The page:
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March 11, 2010

Bill Moyers & Michael Winship - Ask the Chamber of Commerce: Why Is Too Much Not Enough?

Living in these United States, there comes a point at which you throw your hands up in exasperation and despair and ask a fundamental question or two: how much excess profit does corporate America really need? How much bigger do executive salaries and bonuses have to be, how many houses or jets or artworks can be crammed into a life?

After all, as billionaire movie director Steven Spielberg is reported to have said, when all is said and done, "How much better can lunch get?"

But since greed is not self-governing, hardly anyone raking in the dough ever stops to say, "That's it. Enough's enough! How do we prevent it from sweeping up everything in its path, including us?"

Look at the health care industry saying to hell with consumers and then hiking premiums - by as much as 39% in the case of Anthem Blue Cross in California. According to congressional investigators, over a two-year period Anthem's parent company WellPoint spent more than $27 million dollars for executive retreats at luxury resorts. And in 2008, WellPoint paid 39 of its executives more than a million dollars each. Profit before patients.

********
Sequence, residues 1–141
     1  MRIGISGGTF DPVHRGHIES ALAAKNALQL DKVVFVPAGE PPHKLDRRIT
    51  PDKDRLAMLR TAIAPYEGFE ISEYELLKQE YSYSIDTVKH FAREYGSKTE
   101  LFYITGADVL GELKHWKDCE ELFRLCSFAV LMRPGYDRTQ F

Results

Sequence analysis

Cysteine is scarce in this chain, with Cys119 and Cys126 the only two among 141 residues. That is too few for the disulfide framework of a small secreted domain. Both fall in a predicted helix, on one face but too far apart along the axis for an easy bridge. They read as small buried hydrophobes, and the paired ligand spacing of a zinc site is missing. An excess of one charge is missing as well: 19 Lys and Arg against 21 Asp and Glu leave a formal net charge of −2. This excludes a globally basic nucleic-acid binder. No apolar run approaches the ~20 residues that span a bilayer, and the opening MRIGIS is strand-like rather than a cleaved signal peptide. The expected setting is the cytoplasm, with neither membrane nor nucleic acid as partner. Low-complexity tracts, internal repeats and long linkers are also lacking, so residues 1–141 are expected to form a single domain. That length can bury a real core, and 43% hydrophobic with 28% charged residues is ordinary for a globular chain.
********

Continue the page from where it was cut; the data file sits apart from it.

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February 19, 2010

Bill Moyers & Michael Winship: What Are We Bid For American Justice?

That famous definition of a cynic as someone who knows the price of everything and the value of nothing has come to define this present moment of American politics.

No wonder people have lost faith in politicians, parties and in our leadership. The power of money drives cynicism deep into the heart of every level of government. Everything – and everyone – comes with a price tag attached: from a seat at the table in the White House to a seat in Congress to the fate of health care reform, our environment and efforts to restrain Wall Street’s greed and prevent another financial catastrophe.

Our government is not broken; it’s been bought out from under us, and on the right and the left and smack across the vast middle more and more Americans doubt representative democracy can survive the corruption of money.

Last month, the Supreme Court carried cynicism to new heights with its decision in the Citizens United case. Spun from a legal dispute over the airing on a pay-per-view channel of a right-wing documentary attacking Hillary Clinton during the 2008 presidential primaries, the decision could have been made very narrowly. Instead, the conservative majority of five judges issued a sweeping opinion that greatly expands corporate power over our politics.